Poor Things

Sunday 25th February 5:00 PM


Keswick Film has had a knack of picking the Oscar films before the date; well, 'Poor Things' is giving off the vibes already as we write this, so it might well be very hot by the time you see it in February. The latest from the strangely brilliant director Yorgos Lanthimos (Best Director Award?), it stars Emma Stone (Best Actress Award?) as Bella, the 'Frankengirl' brought back to life by Doctor Baxter (Willem Defoe). Rather than becoming a monster, however, Bella gets more and more complete as she discovers first how to move and talk, then the pleasures of the flesh (with sleazy, caddish Duncan Wedderburn (Mark Ruffalo - Best Actor Award?)). But to Wedderburn's disgust, she then turns to reading and before you know it, she is out-thinking and outsmarting the men.

"Poor Things is a defiantly strange film, a movie that obviously echoes Shelley's Frankenstein, but it's more about liberation than the folly of playing God. With the possible exception of the warmth that Dafoe surprisingly brings his mad scientist, the men in 'Poor Things' are uniformly awful, faux intellectuals who hold power over Bella purely because of gender and society. Through each episodic development in the script by Tony McNamara ('The Favourite') from the book by Alasdair Gray, Bella becomes more self-aware and confident" - Brian Tallerico, RogerEbert.com.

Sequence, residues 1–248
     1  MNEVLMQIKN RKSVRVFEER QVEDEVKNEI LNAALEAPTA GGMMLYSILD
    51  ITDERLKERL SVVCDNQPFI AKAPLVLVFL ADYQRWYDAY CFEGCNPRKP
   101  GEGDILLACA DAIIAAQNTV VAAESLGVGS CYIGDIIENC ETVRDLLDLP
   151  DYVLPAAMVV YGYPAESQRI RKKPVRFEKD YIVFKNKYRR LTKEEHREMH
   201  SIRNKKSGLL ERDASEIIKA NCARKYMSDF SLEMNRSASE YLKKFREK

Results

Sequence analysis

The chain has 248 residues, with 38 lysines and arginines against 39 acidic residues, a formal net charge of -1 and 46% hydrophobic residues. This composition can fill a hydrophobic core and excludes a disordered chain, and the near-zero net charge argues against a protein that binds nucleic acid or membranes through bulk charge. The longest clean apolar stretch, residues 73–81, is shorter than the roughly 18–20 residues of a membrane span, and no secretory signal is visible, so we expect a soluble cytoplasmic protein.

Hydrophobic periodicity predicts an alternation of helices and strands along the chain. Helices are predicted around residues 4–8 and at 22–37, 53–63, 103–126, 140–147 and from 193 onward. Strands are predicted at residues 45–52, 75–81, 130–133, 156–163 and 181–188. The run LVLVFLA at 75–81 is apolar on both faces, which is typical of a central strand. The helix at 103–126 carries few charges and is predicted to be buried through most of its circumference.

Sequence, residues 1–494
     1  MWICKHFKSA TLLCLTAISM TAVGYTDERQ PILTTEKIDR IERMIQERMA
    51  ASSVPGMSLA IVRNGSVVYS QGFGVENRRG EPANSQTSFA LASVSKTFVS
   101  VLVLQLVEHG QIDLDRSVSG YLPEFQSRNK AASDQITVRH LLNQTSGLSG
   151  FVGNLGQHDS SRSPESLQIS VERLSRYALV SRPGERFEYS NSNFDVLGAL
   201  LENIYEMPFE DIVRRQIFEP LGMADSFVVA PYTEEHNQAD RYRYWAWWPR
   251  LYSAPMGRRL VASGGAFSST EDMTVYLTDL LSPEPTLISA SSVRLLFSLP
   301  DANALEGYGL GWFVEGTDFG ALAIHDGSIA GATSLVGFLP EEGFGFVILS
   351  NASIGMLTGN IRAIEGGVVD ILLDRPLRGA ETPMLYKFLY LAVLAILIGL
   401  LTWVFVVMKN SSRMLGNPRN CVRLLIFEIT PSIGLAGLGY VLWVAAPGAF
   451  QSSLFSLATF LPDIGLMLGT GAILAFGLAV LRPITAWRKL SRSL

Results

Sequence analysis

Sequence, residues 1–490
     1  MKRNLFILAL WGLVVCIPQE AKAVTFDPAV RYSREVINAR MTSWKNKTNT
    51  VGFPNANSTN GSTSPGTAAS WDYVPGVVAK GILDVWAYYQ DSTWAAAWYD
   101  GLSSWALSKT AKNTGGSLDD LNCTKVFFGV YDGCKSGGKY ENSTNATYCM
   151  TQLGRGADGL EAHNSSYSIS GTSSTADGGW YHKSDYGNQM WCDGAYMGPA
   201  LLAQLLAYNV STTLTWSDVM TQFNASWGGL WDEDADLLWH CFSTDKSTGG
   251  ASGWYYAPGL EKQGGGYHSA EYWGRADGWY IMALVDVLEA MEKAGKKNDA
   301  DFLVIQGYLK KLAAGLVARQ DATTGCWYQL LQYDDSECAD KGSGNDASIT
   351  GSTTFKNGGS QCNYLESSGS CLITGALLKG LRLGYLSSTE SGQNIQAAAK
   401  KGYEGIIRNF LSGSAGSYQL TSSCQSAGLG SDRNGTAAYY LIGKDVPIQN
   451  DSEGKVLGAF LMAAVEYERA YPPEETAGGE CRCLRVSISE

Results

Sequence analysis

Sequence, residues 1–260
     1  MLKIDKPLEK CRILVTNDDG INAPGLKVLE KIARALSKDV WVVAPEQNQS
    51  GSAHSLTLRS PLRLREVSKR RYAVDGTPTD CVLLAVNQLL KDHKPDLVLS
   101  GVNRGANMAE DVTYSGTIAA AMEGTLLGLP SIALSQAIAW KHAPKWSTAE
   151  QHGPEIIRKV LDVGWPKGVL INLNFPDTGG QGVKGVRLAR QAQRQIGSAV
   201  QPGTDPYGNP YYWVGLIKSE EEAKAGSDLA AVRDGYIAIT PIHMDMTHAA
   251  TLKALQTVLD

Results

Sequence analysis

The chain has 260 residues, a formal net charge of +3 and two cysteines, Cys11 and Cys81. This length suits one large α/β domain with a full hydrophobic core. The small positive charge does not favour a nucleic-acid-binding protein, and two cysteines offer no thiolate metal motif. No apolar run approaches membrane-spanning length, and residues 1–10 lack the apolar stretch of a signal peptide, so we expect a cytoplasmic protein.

The film and, especially, Emma Stone get great reviews inspiring, for instance, Peter Bradshaw in the Guardian to rave "Everything in it – every frame, every image, every joke, every performance – gets a gasp of excitement… And his leading lady is someone who takes it to the next career level, or the level beyond the next level".

Put this one in your diary now!


“Poor Things is as good as Yorgos Lanthimos and Emma Stone have ever been.”

John Nugent, Empire Magazine

“It's the best movie of the year.”

Christy Lemire RogerEbert.com

“No other film in recent memory can match it for sheer ingenuity, both in terms of storytelling and visual execution”

Leonard Maltin



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